Fan-Belt @ Summerfest

Sat 6/26

By - Jun 29th, 2010 09:46 am
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The WIldbirds tune up. Photo by Andy Tisdel

If Saturday’s show ends up as the last hurrah for Dairyland Youth, they can say they did Summerfest proud.

The band, originally from Germantown, tore the roof off the Cascio Stage Saturday afternoon in a proud display of pure punk and left to wild applause from a crowd of about 70.

The energetic show featured singer Brad hopping around the stage, flinging the microphone stand around like a quarterstaff and climbing on the amplifiers in front. During the song “Hot Rocks”, which featured a blistering guitar solo from the lead guitar, Brad yanked on the microphone cord to gain slack, jumped off the stage and roamed through the crowd, yelling “HOT ROCKS!” and calling for response. Another time, he jumped off an amp and actually flipped it forwards off the stage. A fan handed it back up.

The fresh, angry screaming on songs like “Nazis at a Brat Fry” or “Wired” to open the show helped bring energy to the Cascio, but the real culprit was the band’s chemistry onstage. The DY website proudly proclaimed that the band “hasn’t been in the same room together in over 13 years.” Despite that, the banter between Brad and lead guitar Alex was lively and fun to watch. Extremely comfortable on Summerfest’s stage for the first time, Dairyland’s members cracked that “We sound better with more beer!” and were laughing and joking with each other throughout the show.

Whether it was a killer guitar solo, the guitarist playfully cutting off Brad’s “witty banter” with the opening bars of another track or simply watching the band blaze through 14 songs in 45 minutes, Dairyland Youth put on a really fun show.

The next band, Arkady, was a big comedown. Where DY was bouncing and passionate, Arkady seemed flat and uninspired. The lead singer made a joke early on about the band being “forced to be here” that rang uncomfortably true. The band never had anywhere near the same energy of Dairyland Youth.

Arkady managed a few good guitar solos and one loud, humming punk-esque song, but even that seemed laid-back in a lazy sort of way. Their final song, “Call it Crashing”, was probably the best in the eight-song set. It spent the first three minutes as a fairly poppy instrumental, pleasingly mellow except with cymbals in the background. After that, “Crashing” evolved into a happily bluesy number. If the rest of the set had been more like it, it might have worked better. As it was, the only question after the show was whether the audience or the band was more eager to leave.

Arkady gave way to Death Ships, which started slow but gained excellence as the show went on. Lead guitarist Jamie was worth the price of Summerfest admission all on his own. In a fairly polished band, he stood out as the jumping, crouching, ridiculously entertaining center of the thing. He even sang along with the lead singer’s part despite a distinct lack of microphone.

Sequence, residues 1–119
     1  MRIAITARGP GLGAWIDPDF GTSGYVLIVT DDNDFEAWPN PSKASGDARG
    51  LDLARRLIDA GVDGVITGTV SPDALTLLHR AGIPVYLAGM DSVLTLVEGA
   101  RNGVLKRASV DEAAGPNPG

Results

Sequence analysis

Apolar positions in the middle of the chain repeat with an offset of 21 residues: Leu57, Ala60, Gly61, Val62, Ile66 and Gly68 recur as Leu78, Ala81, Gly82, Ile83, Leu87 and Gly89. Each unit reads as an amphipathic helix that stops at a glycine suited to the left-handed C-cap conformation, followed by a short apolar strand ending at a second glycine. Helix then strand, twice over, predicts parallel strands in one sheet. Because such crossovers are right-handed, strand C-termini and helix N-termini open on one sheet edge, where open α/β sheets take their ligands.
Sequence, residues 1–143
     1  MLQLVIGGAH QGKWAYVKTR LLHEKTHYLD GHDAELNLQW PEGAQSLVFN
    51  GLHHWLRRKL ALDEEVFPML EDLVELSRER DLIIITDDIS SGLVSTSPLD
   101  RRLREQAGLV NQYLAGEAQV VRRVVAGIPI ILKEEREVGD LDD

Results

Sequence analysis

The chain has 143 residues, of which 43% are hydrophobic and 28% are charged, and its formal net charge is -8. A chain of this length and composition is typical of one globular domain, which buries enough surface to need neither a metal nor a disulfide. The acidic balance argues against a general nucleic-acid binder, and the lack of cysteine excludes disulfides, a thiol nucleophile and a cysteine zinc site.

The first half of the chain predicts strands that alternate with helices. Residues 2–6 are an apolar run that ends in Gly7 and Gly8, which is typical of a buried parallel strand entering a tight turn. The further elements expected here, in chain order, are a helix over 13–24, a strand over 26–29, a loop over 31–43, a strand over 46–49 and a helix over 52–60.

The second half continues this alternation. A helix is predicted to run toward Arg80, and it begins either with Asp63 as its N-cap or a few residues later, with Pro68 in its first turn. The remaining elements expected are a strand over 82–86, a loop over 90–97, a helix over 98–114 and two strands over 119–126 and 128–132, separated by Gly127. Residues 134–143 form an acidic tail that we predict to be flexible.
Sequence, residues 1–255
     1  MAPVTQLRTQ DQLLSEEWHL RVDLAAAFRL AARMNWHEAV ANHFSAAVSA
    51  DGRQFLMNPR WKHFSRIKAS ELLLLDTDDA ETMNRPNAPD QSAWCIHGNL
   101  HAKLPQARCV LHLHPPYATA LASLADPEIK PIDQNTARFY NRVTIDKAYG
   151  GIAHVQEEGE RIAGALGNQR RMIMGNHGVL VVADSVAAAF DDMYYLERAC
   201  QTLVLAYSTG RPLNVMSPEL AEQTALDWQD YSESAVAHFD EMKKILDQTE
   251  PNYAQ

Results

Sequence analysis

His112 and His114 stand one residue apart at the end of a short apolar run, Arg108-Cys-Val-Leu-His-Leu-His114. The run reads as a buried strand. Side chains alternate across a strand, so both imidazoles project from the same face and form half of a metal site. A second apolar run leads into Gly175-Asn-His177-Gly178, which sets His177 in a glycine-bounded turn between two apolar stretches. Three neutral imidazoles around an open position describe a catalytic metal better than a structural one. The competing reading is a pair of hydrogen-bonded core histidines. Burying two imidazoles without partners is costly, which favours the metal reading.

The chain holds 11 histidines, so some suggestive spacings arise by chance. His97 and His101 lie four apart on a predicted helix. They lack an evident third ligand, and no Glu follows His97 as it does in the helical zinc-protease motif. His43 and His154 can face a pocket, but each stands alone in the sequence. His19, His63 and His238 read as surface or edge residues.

In fact, I’d say the best part of the Death Ships was the individual performances. The drummer, Little Thumps, was as good a drummer as I’ve ever seen live. He was somewhat muted through the first bit of the set. On the last song, “Shit-Eating Grin”, he broke off an amazing solo, then proceeded to top himself by playing a similar solo in double time. “Shit-Eating Grin” featured solos by both guitars as well, and served as an excellent send-off for the band.

DS’s lead singer, Daniel, was also very good with the audience. Whether it was yelling out “this song is called ‘tuning!’” or, again, encouraging everyone to drink more, Daniel seemed in complete command of the crowd.

Wildbirds photo by Andy Tisdel

The last band I saw were the Cascio headlining Wildbirds. A lot more bluesy than the other bands, WB also drew a more substantial crowd. A crowd of about 150 were there to watch the Birds’ crooning and commanding a mosh pit of about twenty people.

Although it was under an hour long, like all the other shows at Cascio, the Birds still provided some pretty good music. They seemed to emphasize 80s-style guitar jamming, which took place during a number of their songs. The singer also had a knack for crooning at the audience in old-time John Lennon style, which went over well with the capacity crowd.

The biggest weak spot in their show was probably the tambourine. The offending instrument was a part of nearly all their songs. However, all five band members were already playing their chosen instruments. Anyone playing the tambourine had to give up their instrument, which took away from the overall playing of the group. Worse, the bassist and the lead guitar were each stuck with the tambourine for one song apiece, which definitely lessened the playing of the band. The Wildbirds managed to fuse elements of blues, country and rock for a genuinely entertaining show.

Categories: Review

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